Peptide Receptor Radionuclide Therapy (PRRT)
PRRT is a molecular targeted therapy used to treat neuroendocrine tumors (NET). Molecular targeted therapies use drugs or other substances to identify and attack cancer cells while reducing harm to healthy tissue. PRRT delivers high doses of radiation to tumors in the body to destroy or slow their growth and reduce disease side effects.
Under the directorship of Dr. Ebrahim Delpassand, we have the highest experience in performing PRRT in patients with neuroendocrine tumors in the United States. We have been offering Lutetium-177 DOTATATE for patients with Somatostatin Receptor (SSTR) Expressing Neuroendocrine tumors since 2010 and have treated hundreds of patients with this rare cancer.
Gastroenteropancreatic Neuroendocrine Tumors (GEP-NETs)
Excel Diagnostics and Nuclear Oncology Center under the directorship of Dr. Ebrahim S. Delpassand has the highest experience in performing PRRT in patients with neuroendocrine tumors in the United States and treated hundreds of patient with this rare disease.
Neuroendocrine tumors (NETs) are a heterogeneous group of neoplasms that arise from Kulchinsky cells that populate the thymus, bronchus and gut. Regardless of their primary site, NETs share similar histological, metabolic and ultrastructural features. One of the hallmarks of differentiated (mature) neuroendocrine tumors is expression of Somatostatin Receptors (SSTR). This provides an excellent opportunity to detect this disease and also treat this cancer by reaching these receptors on the surface of tumor cells. Somatostatin analogues are group of small molecules (Peptide) that have affinity for SSTR and therefore upon intravenous administration are capable of detecting tumor cells throughout the body and attach to the receptors. Attachment of radio-isotopes such as Lu-177 or Y-90 to this small molecule (Peptide) creates a radiopharmaceutical that is capable of reaching to SSTR expressing tumors at the cellular level and deliver the therapeutic doses of radiation to the tumors anywhere throughout the body, in a targeted fashion. This is considered a personalized and targeted cancer therapy since it is directed to the malignant cells with high effectiveness and less and mostly reversible side effects.
Please contact our clinical coordinators, Ms. Susan Cork at firstname.lastname@example.org for further information and registration for this therapy.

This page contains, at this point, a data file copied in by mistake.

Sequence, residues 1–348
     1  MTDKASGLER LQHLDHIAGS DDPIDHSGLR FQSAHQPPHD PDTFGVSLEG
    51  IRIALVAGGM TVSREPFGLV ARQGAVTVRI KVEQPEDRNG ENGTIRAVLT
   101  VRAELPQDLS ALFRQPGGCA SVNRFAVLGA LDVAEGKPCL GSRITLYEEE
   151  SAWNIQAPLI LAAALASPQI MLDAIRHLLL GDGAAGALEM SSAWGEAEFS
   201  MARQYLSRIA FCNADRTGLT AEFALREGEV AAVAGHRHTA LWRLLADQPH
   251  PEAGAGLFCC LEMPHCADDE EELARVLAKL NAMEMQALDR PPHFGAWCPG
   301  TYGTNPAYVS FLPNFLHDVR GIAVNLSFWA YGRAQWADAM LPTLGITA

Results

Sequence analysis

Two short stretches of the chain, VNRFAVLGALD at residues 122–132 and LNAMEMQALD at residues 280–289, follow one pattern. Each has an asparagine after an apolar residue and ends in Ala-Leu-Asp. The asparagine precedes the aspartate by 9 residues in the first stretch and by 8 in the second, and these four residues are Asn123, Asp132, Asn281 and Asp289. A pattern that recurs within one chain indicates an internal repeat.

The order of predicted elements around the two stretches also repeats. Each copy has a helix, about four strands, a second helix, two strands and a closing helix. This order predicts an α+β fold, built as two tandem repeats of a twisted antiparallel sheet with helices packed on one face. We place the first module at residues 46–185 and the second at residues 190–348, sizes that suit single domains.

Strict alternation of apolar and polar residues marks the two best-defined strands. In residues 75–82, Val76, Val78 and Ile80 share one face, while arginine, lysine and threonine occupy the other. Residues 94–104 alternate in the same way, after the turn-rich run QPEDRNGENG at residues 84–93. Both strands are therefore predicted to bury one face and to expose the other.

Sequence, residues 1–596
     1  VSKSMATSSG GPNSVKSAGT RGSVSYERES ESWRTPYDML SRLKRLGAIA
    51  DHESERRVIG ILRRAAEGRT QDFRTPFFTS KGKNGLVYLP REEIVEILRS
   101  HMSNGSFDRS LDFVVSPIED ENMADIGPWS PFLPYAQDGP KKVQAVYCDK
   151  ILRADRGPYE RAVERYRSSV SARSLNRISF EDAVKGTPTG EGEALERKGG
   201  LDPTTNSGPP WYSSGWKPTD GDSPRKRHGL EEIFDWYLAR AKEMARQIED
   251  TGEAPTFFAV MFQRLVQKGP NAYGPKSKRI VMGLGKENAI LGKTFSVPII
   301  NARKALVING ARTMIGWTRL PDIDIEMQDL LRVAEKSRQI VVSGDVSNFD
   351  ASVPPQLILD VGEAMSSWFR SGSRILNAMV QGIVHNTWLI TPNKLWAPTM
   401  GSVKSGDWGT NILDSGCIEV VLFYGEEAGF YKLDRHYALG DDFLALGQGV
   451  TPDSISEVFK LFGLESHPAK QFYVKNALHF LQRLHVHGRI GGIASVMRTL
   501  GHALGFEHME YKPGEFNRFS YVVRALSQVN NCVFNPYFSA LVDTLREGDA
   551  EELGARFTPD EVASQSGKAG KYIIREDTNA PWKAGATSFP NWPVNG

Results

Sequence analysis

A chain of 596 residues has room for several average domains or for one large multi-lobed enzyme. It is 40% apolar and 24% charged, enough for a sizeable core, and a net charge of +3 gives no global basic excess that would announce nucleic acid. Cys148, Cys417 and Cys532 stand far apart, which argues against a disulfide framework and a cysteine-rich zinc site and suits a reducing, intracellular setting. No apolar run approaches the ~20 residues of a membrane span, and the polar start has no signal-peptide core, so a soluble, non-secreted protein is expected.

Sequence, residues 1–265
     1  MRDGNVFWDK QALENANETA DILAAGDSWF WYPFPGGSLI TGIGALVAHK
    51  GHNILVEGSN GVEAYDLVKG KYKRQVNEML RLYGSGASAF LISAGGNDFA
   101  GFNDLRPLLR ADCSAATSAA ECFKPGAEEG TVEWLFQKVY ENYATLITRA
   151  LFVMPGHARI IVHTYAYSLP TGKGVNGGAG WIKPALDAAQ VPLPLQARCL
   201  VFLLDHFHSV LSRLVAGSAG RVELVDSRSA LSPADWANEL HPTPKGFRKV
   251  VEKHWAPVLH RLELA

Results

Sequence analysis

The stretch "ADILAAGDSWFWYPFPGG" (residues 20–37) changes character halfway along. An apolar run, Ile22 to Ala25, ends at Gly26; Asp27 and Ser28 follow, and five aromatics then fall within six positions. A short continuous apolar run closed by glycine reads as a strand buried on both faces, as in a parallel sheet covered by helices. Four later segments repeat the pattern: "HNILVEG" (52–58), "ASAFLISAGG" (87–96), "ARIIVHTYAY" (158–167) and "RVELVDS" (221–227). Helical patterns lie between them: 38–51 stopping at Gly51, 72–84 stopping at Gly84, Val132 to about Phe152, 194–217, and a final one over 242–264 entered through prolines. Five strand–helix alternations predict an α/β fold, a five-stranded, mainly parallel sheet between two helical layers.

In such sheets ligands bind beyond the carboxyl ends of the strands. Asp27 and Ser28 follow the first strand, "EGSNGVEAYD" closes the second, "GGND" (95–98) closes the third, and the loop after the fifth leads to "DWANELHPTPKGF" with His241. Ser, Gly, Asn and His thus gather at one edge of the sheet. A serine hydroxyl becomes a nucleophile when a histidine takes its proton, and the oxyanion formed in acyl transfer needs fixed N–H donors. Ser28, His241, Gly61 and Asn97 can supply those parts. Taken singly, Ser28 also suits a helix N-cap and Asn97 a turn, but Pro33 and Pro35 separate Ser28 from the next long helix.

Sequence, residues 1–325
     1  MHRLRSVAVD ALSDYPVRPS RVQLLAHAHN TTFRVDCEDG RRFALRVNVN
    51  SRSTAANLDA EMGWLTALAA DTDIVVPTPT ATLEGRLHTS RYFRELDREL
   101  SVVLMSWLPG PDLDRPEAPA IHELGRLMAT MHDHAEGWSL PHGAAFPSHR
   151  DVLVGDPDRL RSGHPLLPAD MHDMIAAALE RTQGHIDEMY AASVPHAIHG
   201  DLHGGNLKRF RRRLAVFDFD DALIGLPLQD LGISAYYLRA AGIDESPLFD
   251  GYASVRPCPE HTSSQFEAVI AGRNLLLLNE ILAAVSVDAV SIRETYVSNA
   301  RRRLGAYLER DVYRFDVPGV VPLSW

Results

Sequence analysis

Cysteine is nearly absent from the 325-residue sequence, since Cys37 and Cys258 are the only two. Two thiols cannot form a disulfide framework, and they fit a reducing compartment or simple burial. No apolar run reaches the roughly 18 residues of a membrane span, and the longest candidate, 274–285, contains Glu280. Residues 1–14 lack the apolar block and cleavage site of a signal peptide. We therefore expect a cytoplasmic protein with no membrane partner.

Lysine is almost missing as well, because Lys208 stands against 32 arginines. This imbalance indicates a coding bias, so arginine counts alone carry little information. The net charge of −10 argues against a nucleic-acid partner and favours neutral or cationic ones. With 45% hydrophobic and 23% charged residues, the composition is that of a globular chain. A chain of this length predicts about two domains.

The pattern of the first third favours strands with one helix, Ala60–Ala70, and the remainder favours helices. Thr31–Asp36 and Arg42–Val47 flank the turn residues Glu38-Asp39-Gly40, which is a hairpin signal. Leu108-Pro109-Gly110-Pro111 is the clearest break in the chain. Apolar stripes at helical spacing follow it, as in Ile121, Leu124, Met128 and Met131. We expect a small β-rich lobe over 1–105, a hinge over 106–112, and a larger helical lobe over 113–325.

LUTATHERA is a prescription medicine used to treat adults with a type of cancer known as gastroenteropancreatic neuroendocrine tumors
(GEP-NETs) that are positive for the hormone receptor somatostatin, including GEP-NETs in the foregut, midgut, and hindgut.
Lutathera is a radioactive targeted therapy via intravenous (IV) infusion. This means that it has 2 parts: a radioactive part and a tumor-targeted part. The tumor-targeted part helps the medication fight just the tumor cells. This helps keep the medication from damaging healthy parts of your body. The radioactive part uses radiation to damage and kill the tumor cells.
Planning Your Lutathera Treatment
Before you get Lutathera, you will have a consultation with one of our physicians. You may need to have a blood test before your appointment. If you do, our clinical coordinator will provide you with the details. During your consultation, you will be asked about your medical history and the goals of Lutathera treatment will be discussed. The physician will review your medical history and blood test results to determine if Lutathera is right for you.
You will also be asked about your medications. Make sure they know all the medications you’re taking, including patches, creams, prescription medications, and over-the-counter (not prescription) medications. You may need to stop taking some of them before your treatment. If it is determined that Lutathera treatment is right for you, the side effects and what to expect will be discussed with you during the consultation.
Lutathera treatment schedule
Lutathera treatment is given as 4 separate infusions. The infusions are given 8 weeks apart. Your last Lutathera infusion will be 24 weeks (about 5 and a half months) after your first infusion. Starting after your first Lutathera infusion, you will have a blood test every 2 weeks for 34 weeks (8 months). This is to make sure that your blood cell counts stay at their usual levels during your treatment. The timeline below shows your Lutathera treatment schedule.
You may be getting octreotide injections as part of your cancer treatment. If you get an octreotide injection too close before your Lutathera infusion, it can make the treatment less effective. Your doctor will give you more information.
- If you take long-acting octreotide, don’t take it for 4 weeks before each Lutathera infusion. You will visit your medical oncologist to get an injection of long-acting octreotide after each infusion.
- If you take short-acting octreotide (immediate-release octreotide), you can keep taking it during your Lutathera treatment. Don’t use short-acting octreotide for 24 hours before each Lutathera infusion, unless your doctor gives you other instructions.
Your Lutathera Infusion Appointments
Your infusion appointments will take all day. You should plan to arrive for your appointments by 8:30 am and leave around 5:00 pm. You may want to bring a book, portable music player, or other things to entertain yourself during your appointment. You can also bring food and a drink.
What to expect
In the therapy suite, you will have a private room with a recliner sofa, a TV and WiFi. A technologist will measure your vital signs and will place an IV line in your vein
You will get a few different medications during your infusion appointment.
- First, you will get antinausea medications. These are medications to keep you from vomiting or feeling nauseous.
- About 45 minutes after you get the antinausea medications, the technologist will connect an amino acid hydration solution to one of your IV lines. This is to protect your kidneys from the Lutathera. It will be infused slowly over 4 hours.